Nothing goes to waste in creation. Even those things that stand away from others have a place in creation to make it complete. As a joke I tell that by not marrying and raising children, sannyasis are helping the population control in our country, for which the government and others are spending a lot of effort. At least in this, even negatively a sannyasi serves the society.
Society functions based on an identity, but this identity needs to be expressed by outward symbols and signs, and not just a mental construct. Otherwise simple people cannot learn and understand their role in society. So, although it is often abused and misunderstood, the symbol of a sannyasi (both as a vocation and stage) speaks to the society. Though he stands away from it, he cannot stand apart from it. In this respect both the sannyasi and the society will remain incomplete without each other contributing for the common good for all.
One who has truly renounced will not pay attention to another’s comments on his renunciation, whether outward or inward changes. Even I am laughing to myself in how I have tried to defend my act of renunciation. In this context I would like the story about Pattinathar. He was the wealthiest merchant at Kaveripumpattinam (also known as Pumpuhar), even richer than the king. But he had no child and in answering his prayer, Siva himself was born to him as a son. When Siva grew up, he went to other countries by ship for business and brought lots of wealth. In order to protect it from thieves, he hid it in dry cow dung cakes.
Once his son reached home, Pattinathar was shocked that he brought only dry cow dung and not lots of wealth. In angry, he threw one of them on the floor, and it broke and precious gems and stones scattered on the floor. His son, to teach a lesson to his father about his attachment to wealth, went away leaving a palm leaf with the words, “Even at death a needle without its eye (whole) won’t come along with your way.”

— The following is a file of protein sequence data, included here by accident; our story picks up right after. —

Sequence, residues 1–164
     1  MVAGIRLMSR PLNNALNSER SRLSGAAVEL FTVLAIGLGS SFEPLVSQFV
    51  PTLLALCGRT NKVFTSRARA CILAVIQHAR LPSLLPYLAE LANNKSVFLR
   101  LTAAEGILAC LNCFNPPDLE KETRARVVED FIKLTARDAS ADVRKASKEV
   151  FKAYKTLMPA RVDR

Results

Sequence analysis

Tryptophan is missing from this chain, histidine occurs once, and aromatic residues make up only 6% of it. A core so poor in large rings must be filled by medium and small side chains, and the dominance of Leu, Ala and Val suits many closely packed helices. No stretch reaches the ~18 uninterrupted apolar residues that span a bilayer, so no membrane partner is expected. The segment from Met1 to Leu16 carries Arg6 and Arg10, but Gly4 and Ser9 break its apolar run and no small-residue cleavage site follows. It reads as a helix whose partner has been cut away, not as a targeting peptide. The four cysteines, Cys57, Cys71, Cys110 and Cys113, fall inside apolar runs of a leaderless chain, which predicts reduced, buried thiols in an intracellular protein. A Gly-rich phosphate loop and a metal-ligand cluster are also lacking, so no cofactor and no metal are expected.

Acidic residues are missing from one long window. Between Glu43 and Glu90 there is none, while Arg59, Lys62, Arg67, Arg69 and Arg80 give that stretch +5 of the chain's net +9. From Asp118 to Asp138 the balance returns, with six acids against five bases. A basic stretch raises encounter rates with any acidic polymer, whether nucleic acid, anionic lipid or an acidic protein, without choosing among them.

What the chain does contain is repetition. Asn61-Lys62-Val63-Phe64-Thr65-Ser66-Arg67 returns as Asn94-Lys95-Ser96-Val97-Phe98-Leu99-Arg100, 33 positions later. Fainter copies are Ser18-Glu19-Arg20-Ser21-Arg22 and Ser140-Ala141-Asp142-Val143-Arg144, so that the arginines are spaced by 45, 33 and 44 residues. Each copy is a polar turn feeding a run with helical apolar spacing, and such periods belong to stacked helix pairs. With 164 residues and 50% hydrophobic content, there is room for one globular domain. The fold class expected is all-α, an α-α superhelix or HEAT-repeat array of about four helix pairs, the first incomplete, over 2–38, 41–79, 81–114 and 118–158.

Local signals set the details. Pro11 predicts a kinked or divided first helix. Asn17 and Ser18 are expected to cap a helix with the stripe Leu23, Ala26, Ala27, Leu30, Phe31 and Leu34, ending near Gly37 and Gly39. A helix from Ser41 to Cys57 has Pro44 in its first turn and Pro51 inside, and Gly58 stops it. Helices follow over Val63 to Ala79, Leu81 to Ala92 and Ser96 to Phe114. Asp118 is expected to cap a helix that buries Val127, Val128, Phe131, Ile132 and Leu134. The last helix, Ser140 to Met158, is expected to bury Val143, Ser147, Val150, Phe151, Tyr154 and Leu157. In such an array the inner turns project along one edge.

Realizing his vanity, Pattinathar (this was his sannyasi name) immediately distributed all his wealth to the poor, renounced everything, and went and sat under a tree in the crossroads of the city. On hearing this, the king himself came to see him to ask the reason for such a drastic act on his part. When the king asked what he gained by renouncing everything, Pattinathar replied, “While you stand, I am sitting.”
On hearing this, the king immediately renounced his post and became Pattinathar’s disciple. While he was a merchant Pattinathar had to stand to receive the king when he came to visit him. Now that he had renounced everything, he had no fear about protecting his wealth from the king or any one, and therefore he had no need to stand up to receive the king.
One day when Pattinathar went to field to take some rest in the afternoon, he kept his head on the edge of the field as a pillow. Two women came there to cut the gross. On seeing him, one said, “See how rich he was and now where he is sleeping?” For this the other women said, “Though he renounced everything, he could not renounce the comfort of the pillow to take rest.” Then both went to cut the grass.
When they returned they saw that Pattinathar, had even removed his head from the edge and was sleeping on the field. Then the first women said, “What kinds of words you spoke! See what he has done now?” For this she said, “He has not yet completely renounced everything. If he had done it, he would never mind about the opinion of others about him.”
Gurukulam, December 14, 2007